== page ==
Basic Entity Concepts

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All things in the BetterMUD, just as in the SimpleMUD, are entities. They are the physical objects within the game, which will be stored by the databases and operated on by the C++ physics core .

IDs

Entities are accessed by their entityid just as in the SimpleMUD. In the SimpleMUD, I chose to use 32-bit unsigned integers for these IDs, which gave you a range of around four billion available IDs for each entity type.

Due to some limitations in Python, however (the fact that it doesn't support unsigned integers, for one), I used signed integers as IDs in the BetterMUD. A signed integer can have roughly two billion positive values, so if you assume that negative IDs and 0 are invalid, you're left with two billion possible IDs.

NOTE

Older bit MUDs that were built around 16-bit values frequently ran over their boundaries, and this was a serious problem in the past. How ever, 32-bit values are quite large and should be enough for what you need. If you don't think so, it's easy to convert the entities over to some 64-bit format, and with 18,446,744,073,709,551,616 total possible IDs, I think it's a safe bet that you'll never run out. I'm com fortable with my puny two billion entity limit, however.

Now, before you start saying "Oh no! Less is worse !" you should think about that for a moment. Two billion is an incredibly large number. If you assumed that you just stored the IDs for two billion objects in memory, at 4 bytes per ID, you're looking at requiring 8 GB of memory, just to store the ID numbers of two billion entities. I've never seen a MUD that required anywhere near that many entities.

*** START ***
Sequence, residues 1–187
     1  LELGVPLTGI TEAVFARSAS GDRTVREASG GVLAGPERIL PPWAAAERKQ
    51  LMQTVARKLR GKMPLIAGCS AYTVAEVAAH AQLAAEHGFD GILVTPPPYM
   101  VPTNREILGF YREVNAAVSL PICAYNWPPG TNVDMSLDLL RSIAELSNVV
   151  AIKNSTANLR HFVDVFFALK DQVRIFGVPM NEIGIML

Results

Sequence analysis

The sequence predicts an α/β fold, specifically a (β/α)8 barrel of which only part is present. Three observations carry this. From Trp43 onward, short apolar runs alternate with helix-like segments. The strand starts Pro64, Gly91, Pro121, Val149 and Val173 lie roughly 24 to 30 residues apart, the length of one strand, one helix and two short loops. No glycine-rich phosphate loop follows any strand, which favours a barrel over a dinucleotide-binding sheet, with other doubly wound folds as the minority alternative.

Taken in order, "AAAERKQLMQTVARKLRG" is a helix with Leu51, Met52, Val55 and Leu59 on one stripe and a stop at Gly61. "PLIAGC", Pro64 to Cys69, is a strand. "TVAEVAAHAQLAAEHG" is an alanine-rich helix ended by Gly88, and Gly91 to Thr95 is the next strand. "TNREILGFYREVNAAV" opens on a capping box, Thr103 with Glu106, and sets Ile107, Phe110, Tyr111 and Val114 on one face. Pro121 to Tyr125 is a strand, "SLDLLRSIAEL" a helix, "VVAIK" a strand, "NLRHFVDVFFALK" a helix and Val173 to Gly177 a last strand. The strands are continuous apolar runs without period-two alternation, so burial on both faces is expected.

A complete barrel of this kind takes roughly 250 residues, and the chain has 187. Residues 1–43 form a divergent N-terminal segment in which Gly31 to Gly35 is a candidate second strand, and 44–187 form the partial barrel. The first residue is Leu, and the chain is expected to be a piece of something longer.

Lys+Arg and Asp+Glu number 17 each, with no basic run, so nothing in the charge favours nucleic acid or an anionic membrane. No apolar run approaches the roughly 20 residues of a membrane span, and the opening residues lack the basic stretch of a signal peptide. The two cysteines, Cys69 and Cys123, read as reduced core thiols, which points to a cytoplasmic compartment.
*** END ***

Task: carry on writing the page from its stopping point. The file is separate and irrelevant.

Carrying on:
At the heart of it all is the Entity.h file, which contains the entityid datatype and the Entity class. Here's the typedef for entityid :

 typedef signed int entityid; 

Now, whenever you refer to entities in the game, you refer to this typedef. If you need to change the typedef, all it takes is one simple change to this line, and suddenly all your entities are based on a different numbering scheme. It's that simple.

Entity Class

In the SimpleMUD, the base entity class had two things: an ID and a name . I've expanded that a bit, and entities in the BetterMUD have four things:

  • ID

  • Name

  • Description

  • Reference count

The actual entity class has these functions:

 std::string Name() const; std::string Description() const; entityid ID() const; void AddRef(); void DelRef(); int Ref() const; void SetName( const std::string& p_name ); void SetDescription( const std::string& p_desc ); void SetID( entityid p_id ); 

As you can see, these are your standard get-and-set accessor functions. In the SimpleMUD, I used mainly functions that returned references, but that was only for brevity. Strictly speaking, that's bad engineering practice. Even though it's a little bit more work to create separate get-and set- functions for each variable, you'll be thanking me when you need to change the game so that modifying one variable makes something else happen within the game.

Auxiliary Classes

There are a few auxiliary classes you can use in conjunction with entities. Different types of entities may share traits in common with other entities, but not all entities share all traits.

NOTE

Reference Counting and the Future